Looking at 2012, I consulted some Numerology sites, and I was reminded of the prediction that the world will end on 21 December this year, an interesting focus to start the year with, and encouraging one to make the most of this year. Adding up the numbers in 2012, giving a total of 5, the emphasis this year will be one of Change, Change and Change, as one site wrote. A political change is forecast for the USA, more natural disasters are predicted, and the world economy looks to remain shaky. We enter the Year of the Dragon later this month, being the 5th and a very powerful sign in the Chinese calendar, signalling change, power, and improvement.
What does that mean for us:
* Tourism from Europe and the UK will remain depressed. German Chancellor Angela Merkel said in her New Year’s Eve address last night that this year will be even tougher than last year, but she has promised to do everything in her power to stabilise the Euro, introduced ten years ago today, and to build a stronger bond in the European Union. The UK market is likely to remain depressed, and no great increase in tourism numbers can be expected, with the exception of February, a popular travel month for Britons who like to get away from a bitterly cold winter, and who like to celebrate ‘Valentine’s Month’ in the Cape. Bookings for February already look promising for Whale Cottage Camps Bay. August has become a relatively good tourism month, despite it still being winter, with many Europeans coming on holiday. This year this period coincides with the Olympic Games in London, which may reduce tourism numbers in the first half of the month.
* South Africans will remain the foundation of tourism this year, and the summer season will end early, with Easter falling on the first weekend of April. However, there are six public holidays falling on weekdays this year, and these are normally good for tourism business. A 5-day long weekend, from 27 April to 1 May, could be a last summer highlight for the hospitality industry.
Other predictions we would like to see become reality are the following:
* Cape Town Tourism and Cape Town Routes Unlimited being amalgamated in one private sector driven body, to prevent the current duplication of marketing activity and spend, with sharper strategic and marketing thinking. Cape Town Routes Unlimited will be incorporated into Wesgro in April. There is no sign of the new Cape Town Tourism “You don’t need a holiday, you need Cape Town” campaign or its effect, which was launched locally with great fanfare at the AGM in October, and internationally at World Travel Market in London in November. Any work that Cape Town Tourism’s UK trade and media representative may be doing is not bearing fruit. Its Australian consultant Ian Macfarlane seems to have vanished, his contract having ended last month. Cape Town Tourism CEO Mariette du Toit-Helmbold is on maternity leave, and one can speculate that no marketing of Cape Town will happen until she returns, if the past month is anything to go by. We would like to see a greater transparency by Cape Town Tourism in how it is spending its members’ and Cape Town ratepayers monies (R40 million), information which Mrs Helmbold has refused to release to date!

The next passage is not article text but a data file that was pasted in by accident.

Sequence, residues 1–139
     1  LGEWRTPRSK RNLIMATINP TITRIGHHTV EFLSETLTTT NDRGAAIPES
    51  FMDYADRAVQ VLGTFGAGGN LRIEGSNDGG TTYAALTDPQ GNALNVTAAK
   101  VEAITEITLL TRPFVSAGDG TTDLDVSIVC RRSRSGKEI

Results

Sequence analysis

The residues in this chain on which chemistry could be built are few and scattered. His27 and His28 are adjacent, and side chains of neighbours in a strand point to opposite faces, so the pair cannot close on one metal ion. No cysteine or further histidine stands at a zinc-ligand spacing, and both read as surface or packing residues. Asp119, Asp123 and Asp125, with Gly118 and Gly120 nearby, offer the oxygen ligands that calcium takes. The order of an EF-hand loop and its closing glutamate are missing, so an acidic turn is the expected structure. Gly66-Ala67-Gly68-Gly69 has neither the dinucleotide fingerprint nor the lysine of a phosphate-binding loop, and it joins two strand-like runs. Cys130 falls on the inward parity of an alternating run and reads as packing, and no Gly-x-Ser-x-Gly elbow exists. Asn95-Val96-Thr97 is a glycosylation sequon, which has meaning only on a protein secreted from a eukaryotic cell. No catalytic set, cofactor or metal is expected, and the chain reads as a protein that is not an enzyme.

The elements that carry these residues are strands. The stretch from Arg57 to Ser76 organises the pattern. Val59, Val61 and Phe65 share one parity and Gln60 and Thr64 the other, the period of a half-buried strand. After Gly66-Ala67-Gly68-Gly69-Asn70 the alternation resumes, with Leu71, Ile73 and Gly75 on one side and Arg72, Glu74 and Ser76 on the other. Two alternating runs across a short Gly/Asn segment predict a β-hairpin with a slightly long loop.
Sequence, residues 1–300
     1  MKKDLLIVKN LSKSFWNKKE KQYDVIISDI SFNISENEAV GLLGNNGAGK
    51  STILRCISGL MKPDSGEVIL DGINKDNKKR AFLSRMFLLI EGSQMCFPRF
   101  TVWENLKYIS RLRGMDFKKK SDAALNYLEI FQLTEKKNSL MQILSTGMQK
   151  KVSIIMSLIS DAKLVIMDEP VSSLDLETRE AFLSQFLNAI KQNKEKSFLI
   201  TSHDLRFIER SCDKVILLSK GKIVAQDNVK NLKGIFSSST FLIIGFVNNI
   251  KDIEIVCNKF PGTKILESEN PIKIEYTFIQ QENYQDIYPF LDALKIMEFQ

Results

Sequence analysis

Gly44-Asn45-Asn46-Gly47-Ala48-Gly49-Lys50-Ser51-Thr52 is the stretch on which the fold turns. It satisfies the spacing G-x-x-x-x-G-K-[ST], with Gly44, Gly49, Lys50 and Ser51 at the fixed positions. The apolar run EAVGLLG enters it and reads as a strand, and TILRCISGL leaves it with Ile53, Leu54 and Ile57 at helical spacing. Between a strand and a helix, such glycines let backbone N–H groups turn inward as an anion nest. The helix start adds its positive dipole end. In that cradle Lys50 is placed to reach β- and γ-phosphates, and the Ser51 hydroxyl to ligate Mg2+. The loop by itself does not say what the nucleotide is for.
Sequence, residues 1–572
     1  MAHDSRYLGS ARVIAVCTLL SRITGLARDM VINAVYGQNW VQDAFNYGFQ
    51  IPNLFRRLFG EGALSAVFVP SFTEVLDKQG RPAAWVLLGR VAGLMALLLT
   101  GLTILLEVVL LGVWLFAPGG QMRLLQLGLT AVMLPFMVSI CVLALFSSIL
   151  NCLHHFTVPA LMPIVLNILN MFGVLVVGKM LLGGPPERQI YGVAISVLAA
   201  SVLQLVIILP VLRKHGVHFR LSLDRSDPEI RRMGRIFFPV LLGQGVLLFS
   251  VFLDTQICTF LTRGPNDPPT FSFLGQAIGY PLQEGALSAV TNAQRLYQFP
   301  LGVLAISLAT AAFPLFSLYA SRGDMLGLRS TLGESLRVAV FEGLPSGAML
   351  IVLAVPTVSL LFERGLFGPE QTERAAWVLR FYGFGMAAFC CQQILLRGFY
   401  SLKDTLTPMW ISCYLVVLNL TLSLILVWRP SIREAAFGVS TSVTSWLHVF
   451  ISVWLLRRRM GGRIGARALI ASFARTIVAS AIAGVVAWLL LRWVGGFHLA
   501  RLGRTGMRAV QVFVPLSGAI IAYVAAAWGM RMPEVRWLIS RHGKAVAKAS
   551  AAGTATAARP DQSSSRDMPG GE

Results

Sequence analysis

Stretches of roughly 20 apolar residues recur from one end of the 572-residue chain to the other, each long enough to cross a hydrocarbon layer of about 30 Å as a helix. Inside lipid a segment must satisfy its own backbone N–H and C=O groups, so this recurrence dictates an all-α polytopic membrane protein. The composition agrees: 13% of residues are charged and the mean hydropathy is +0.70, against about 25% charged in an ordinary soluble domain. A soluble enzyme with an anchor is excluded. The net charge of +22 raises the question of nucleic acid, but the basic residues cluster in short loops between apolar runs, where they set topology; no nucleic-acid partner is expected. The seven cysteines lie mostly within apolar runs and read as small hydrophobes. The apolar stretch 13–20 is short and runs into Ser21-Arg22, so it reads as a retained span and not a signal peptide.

* A new Eat Out editor and Top 10 restaurant judge, given that the current incumbent has lost credibility, and a fairer and transparent judging process.
* Better support of Cape Town and Winelands restaurants by locals, especially in winter, when unbelievable specials are offered
* Better service in restaurants, shops, and in any other businesses dealing with the public. Franschhoek, for example, is fast losing its professional image due to poorly trained staff, often left to their own devices, without any management support.
* Better ability of businesses to accept service and other feedback, in the interest of improving things, rather than to be defensive and vindictive about it.
* A longer life for new restaurants, which means that they need to do better research to understand their market and potential diners before opening, and must build loyalty.
* A reorientation of when the country goes on holiday, and its bosses in particular. It seems crazy that businesses close on 15 December for 2 - 3 weeks, and that hospitality and tourism bureau management goes on leave, at a time when business is at its peak, instead of in winter, when business is at its poorest!
* A total revamp of labour legislation (a big dream, I know!), in discouraging employee departures without giving notice, greater checking of employee references, the development of a register of unreliable staff to the benefit of all employers, and a better balance in the rights of employers. If there is one aspect of business that most owners complain about and are most influenced by in terms of service delivery it is staff. Such changes may lead to higher employment.
* A better rates dispensation by municipalities, to recognise that most accommodation establishments and other tourism businesses operate at 50 % occupancy at best in winter, yet must pay rates in full.
* More responsible reporting about the state of tourism in the Cape by the media and tourism bodies, and to not exaggerate its status.
* More responsible behaviour in terms of the effect that our lifestyle has on climate change, the negative effects of which were well demonstrated in 2011.
* More kindness and niceness to others, putting the ’social’ back into Social Media!
We wish all our guests, suppliers, staff, tourism colleagues, friends, and readers a successful, healthy, and bubbly 2012!
Chris von Ulmenstein, Whale Cottage Portfolio: www.whalecottage.com Twitter:@WhaleCottage